There was a lot of he said/she said in the piece, which gave a few bullet points of Corker’s proposal. Readers got brief views from those who like the proposals and from those who don’t, as well as what Tennessee’s other members of Congress think about it. Democrat Rep. Jim Cooper doesn’t like raising the Medicare eligible age because it shifts costs to seniors. Republicans Marsha Blackburn and Diane Black “dodged questions about eligibility age,” The Tennessean reported. As for Corker, the paper said he remained “unfazed” by the negative feedback from critics. “Medicare and Social Security are both headed to insolvency, and the longer we wait to put in place solutions, the more limited and draconian the options become,” he said.

Insolvent? The paper needed to explain that both Medicare and Social Security will have money to pay out most benefits even after the dates that “insolvency” is supposed to happen. Under current conditions, Social Security is good until 2033, and after that it, given no tax or benefit adjustments, can pay out about 75 percent of benefits. Medicare’s hospital trust fund is OK under current conditions to 2024, and after that it can pay out 87 percent of expected benefits. At least TriCities.com, the Bristol Herald Courier’s site for northeast Tennessee and southwest Virginia, made that point.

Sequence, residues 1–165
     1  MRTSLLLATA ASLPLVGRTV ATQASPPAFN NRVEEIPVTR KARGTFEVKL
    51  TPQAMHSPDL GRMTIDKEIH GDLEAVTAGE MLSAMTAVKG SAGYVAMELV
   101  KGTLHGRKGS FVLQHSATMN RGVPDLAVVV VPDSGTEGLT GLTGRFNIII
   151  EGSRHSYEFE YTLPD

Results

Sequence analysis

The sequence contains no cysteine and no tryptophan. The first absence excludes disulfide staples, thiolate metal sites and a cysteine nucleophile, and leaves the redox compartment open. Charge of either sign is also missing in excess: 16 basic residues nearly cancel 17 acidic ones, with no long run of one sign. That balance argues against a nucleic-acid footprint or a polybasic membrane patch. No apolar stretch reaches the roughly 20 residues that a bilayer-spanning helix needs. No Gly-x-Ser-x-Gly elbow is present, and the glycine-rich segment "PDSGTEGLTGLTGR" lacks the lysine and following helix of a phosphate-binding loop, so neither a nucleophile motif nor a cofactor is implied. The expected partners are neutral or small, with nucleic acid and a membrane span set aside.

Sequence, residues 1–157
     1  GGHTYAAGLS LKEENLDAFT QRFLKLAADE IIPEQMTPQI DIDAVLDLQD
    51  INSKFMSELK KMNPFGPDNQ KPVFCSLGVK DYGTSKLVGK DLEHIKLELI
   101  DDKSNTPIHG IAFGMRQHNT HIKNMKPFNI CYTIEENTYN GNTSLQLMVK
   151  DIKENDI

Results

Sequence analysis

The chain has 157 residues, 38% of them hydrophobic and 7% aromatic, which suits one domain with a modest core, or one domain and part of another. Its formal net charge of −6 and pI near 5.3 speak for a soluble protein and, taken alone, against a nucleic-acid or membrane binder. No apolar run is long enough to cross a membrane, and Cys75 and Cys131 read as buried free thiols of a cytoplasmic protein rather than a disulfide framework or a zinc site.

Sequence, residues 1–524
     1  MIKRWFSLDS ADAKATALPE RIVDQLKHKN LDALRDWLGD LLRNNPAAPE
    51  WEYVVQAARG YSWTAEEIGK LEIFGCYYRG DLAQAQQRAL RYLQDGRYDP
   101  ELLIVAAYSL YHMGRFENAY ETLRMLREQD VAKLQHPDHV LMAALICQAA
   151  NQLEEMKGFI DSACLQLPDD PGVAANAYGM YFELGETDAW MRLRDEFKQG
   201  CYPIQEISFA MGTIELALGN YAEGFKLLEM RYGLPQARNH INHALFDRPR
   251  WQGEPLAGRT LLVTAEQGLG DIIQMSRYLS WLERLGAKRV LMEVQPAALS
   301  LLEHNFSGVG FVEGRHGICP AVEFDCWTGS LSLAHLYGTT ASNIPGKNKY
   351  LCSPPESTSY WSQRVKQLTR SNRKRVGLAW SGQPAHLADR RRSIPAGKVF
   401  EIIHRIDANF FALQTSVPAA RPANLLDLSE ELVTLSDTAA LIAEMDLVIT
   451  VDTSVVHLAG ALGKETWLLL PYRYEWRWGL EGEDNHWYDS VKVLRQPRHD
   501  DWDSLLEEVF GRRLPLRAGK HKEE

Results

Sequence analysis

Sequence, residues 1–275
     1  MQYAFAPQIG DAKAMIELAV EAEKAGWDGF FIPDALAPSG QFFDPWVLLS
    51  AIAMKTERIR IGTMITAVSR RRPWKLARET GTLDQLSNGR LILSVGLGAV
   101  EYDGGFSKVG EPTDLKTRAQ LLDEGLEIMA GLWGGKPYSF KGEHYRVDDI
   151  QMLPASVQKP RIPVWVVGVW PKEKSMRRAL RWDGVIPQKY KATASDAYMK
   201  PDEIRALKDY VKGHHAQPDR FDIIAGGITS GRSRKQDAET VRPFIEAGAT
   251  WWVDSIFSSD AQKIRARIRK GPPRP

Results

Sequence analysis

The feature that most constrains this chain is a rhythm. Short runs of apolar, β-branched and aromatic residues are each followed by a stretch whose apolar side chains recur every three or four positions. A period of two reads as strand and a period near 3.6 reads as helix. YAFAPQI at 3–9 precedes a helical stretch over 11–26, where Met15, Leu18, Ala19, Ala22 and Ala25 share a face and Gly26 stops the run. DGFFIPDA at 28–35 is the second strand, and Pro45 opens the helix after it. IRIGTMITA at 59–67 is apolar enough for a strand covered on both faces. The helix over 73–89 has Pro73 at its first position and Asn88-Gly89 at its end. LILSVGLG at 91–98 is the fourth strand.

The right words and what they mean are crucial in reporting on these programs—especially when the pols want to soften or even disguise what they’re doing. When Corker was pitching his plan at the end of the year, a reporter suggested the plan equals Medicare “cuts.” Politico reported that Corker corrected the journo, saying he preferred to use the word “reforms.” Orwellian speak is alive and well.

Related content:

Medicare ‘bankruptcy’: CNN gets it right

Medicare, Paul Ryan, and beyond: a primer

Medicare Uncovered: the pain from ‘skin in the game’

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Trudy Lieberman is a fellow at the Center for Advancing Health and a longtime contributing editor to the Columbia Journalism Review. She is the lead writer for The Second Opinion, CJR’s healthcare desk, which is part of our United States Project on the coverage of politics and policy. Follow her on Twitter @Trudy_Lieberman.